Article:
Sarajevo

(729 words)

Author(s): Pöhlmann, Markus
Sarajevo Capital of the Austro-Hungarian provinces of Bosnia and Herzegovina. Austria-Hungary’s annexation of Bosnia and Herzegovin…

Alberich, Operation

(374 words)

Author(s): Pöhlmann, Markus
Alberich, Operation Code name for the planned German rearward movement to the Hindenburg Line in February and March of 1917. Preparations for the withdrawal from the salient between Arras and Soissons had begun in the autumn of 1916 with the aim of disrupting Allied plans for an offensive in the spring of 1917 and shortening the German front line. Prior to the actual retreat, during the so-called Alberich period (February 9–March 15), the scheme called for the systematic devastation of the withdra…

Military Historiography, Official German

(1,063 words)

Author(s): Pöhlmann, Markus
Military Historiography, Official German Immediately after the end of the war, nearly all the states that had participated in the war began elaborating an official military historiography. These early efforts to produce standard official publications were not only a consequ…

Einem, Karl von

(339 words)

Author(s): Pöhlmann, Markus
Einem, Karl von (January 1, 1853, Herzberg [Harz] – April 7, 1934, Mülheim an der Ruhr), German colonel general. Educated in the cadet corps, in 1870 Einem joined the 14th regiment of Uhlans, with whom he took part in the war against France. Never having attended military academy, Einem was ordered to the general staff while still a first lieutenant. In 1898 he was transferred as a colonel to the Prussian ministry of war (where he was director of the general war department from 1900). Lieutenant Ge…

Kuhl, Hermann von

(350 words)

Author(s): Pöhlmann, Markus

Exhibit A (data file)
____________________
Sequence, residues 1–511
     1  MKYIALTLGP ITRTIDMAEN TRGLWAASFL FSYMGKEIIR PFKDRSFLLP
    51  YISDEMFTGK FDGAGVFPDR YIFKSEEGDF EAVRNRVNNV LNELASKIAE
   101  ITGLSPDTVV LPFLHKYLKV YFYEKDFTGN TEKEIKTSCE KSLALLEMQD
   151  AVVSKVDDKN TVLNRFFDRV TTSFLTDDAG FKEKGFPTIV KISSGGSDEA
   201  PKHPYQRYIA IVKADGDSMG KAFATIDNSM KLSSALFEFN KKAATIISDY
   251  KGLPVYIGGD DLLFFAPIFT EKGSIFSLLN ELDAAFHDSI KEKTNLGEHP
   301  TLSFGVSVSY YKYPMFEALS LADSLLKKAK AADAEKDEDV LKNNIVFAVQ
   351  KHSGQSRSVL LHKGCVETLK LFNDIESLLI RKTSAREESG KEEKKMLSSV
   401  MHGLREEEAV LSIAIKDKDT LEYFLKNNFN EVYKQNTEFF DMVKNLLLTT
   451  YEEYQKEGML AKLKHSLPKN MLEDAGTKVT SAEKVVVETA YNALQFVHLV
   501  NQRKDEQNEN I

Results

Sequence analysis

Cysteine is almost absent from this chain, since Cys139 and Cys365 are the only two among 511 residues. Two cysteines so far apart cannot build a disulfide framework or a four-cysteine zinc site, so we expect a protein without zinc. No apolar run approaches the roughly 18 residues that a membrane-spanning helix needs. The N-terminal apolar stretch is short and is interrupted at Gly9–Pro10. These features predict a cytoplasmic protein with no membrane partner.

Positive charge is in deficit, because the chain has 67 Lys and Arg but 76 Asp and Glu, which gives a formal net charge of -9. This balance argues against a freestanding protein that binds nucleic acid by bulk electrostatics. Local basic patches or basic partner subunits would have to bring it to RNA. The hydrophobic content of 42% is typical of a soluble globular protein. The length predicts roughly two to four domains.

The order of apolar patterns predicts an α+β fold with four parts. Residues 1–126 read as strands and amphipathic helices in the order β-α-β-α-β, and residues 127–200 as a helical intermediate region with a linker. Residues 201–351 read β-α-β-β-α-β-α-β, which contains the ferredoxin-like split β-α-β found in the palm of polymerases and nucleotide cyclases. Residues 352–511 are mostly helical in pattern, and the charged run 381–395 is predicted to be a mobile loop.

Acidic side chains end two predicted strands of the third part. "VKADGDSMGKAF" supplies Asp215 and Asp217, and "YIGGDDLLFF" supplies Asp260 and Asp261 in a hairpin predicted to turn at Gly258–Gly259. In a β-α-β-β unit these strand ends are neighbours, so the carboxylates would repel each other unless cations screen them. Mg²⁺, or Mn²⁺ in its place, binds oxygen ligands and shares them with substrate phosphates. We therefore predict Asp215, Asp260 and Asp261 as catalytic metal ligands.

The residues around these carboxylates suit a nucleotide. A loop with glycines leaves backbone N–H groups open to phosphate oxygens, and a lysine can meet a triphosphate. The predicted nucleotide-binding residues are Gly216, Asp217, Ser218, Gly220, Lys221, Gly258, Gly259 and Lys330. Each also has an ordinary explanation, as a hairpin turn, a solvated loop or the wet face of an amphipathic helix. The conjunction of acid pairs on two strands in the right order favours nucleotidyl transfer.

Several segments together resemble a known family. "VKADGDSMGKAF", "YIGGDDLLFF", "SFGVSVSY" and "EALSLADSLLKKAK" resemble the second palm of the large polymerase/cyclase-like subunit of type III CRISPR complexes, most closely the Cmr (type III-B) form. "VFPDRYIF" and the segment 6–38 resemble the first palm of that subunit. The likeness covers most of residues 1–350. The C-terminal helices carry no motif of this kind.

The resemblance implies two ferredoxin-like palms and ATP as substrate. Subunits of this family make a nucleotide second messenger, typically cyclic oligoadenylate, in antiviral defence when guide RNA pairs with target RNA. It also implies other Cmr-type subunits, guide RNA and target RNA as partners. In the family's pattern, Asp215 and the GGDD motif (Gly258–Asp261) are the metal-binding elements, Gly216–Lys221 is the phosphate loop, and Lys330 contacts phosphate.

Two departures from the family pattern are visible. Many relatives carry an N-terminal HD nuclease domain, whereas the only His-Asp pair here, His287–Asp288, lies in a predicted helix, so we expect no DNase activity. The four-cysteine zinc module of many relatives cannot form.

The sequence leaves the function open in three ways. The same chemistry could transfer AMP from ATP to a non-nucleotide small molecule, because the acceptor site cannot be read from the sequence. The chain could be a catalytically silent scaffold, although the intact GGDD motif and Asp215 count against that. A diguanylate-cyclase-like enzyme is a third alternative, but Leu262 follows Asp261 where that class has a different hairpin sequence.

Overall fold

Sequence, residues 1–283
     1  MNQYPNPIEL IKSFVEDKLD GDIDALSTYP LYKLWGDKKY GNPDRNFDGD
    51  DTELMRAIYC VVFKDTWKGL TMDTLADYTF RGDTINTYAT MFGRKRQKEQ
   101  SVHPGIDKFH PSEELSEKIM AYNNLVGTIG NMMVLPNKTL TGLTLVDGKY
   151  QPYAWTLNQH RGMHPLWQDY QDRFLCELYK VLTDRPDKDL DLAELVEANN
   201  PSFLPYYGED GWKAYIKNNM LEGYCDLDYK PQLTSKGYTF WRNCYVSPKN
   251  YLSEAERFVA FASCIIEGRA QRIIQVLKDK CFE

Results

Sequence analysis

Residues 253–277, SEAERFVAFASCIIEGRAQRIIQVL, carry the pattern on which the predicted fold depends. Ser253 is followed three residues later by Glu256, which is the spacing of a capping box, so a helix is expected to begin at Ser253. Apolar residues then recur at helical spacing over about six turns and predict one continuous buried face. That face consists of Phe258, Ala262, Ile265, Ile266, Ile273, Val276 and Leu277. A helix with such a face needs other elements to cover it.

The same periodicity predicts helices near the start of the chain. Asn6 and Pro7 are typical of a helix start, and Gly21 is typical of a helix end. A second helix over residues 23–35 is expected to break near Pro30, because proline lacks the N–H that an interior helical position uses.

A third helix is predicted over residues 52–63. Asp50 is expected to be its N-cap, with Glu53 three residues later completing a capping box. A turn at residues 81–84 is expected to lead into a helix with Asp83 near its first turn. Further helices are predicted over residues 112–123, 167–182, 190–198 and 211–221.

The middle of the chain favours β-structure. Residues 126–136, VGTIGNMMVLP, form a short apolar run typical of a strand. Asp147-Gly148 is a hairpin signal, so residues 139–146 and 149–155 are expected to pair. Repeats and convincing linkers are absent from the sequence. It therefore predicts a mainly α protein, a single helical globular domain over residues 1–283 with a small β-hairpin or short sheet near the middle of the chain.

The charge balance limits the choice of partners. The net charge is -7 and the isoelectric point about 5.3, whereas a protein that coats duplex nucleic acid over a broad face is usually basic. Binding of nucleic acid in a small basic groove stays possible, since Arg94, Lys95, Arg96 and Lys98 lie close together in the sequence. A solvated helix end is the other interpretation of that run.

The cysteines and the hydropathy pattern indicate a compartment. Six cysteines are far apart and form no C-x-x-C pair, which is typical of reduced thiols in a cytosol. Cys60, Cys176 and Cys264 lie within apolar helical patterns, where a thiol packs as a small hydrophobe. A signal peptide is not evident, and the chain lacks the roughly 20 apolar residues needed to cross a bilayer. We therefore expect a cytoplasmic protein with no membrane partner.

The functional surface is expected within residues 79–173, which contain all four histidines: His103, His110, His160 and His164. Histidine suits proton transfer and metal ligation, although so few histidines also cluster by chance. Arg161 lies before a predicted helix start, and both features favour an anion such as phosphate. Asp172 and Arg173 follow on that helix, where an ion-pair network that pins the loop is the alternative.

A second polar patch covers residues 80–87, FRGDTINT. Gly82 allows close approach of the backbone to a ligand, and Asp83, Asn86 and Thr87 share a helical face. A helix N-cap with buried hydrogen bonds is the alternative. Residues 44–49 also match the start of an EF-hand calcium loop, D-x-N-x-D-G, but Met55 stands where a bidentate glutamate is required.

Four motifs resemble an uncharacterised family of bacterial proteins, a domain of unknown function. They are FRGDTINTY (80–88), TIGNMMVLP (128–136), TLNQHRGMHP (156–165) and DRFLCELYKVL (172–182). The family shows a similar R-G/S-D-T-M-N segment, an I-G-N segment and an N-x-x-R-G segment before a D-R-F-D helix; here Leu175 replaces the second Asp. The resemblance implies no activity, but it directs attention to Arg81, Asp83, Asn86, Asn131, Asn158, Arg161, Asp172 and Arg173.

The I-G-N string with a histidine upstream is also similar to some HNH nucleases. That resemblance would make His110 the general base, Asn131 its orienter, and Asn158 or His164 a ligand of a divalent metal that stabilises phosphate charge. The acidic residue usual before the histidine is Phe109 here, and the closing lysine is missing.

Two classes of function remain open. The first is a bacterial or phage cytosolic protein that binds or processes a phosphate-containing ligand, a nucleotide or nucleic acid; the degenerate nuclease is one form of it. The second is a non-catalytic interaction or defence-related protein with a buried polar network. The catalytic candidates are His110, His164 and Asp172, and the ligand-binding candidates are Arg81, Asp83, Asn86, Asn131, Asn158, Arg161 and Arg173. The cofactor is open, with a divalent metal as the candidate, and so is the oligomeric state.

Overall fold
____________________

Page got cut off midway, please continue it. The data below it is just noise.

Kuhl, Hermann von (November 2, 1856, Koblenz – November 4, 1958, Frankfurt am Main), German general. Kuhl received a doctoral degree from the University of Tübingen for his thesis on the Carmen Saliare in 1878. That same year he joined the Prussian Infantry Regiment No. 53, rising to captain in 1893, and to major in 1899. Having taught at the War Academy from 1898, Kuhl became chief of Department III at the General Staff in 1906. Promoted to major general in 1912, he was raised to the hereditary nobility one year later. In 1913–1914, as Oberquartiermeister (senior general staff officer with the power to act as deputy chief of staff), he headed the war-historical sections. By this time Kuhl had already come to be regarded as the intellectual “brains” and “grey eminence” of the General Staff. His chief-of-staff assignment with the First Army at the beginning of the war saw him deployed at the focal point of the Battle of the Marne. A lieutenant general in 1915, Kuhl was transferred to serve as chief of staff for the Sixth Army at the end of November. After August 1916 he worked in the same capacity for the newly formed army group under Crown Prince Rupprecht of Bavaria, from the start engaged in the effort to repulse the Somme Offensive. He retired from the army with the rank of general in January of 1919. After the war Kuhl was active as a military writer and functionary of the German Officer Association (Deutscher Offizier Bund). His work (1920–1925) for the Parliamentary Commission of the Reichstag on the “causes of the German collapse in 1918” and as a member of the Historical Commission of the Reichsarchiv made him the most influential military author in interwar Germany. He was moreover awarded both classes – military and civi…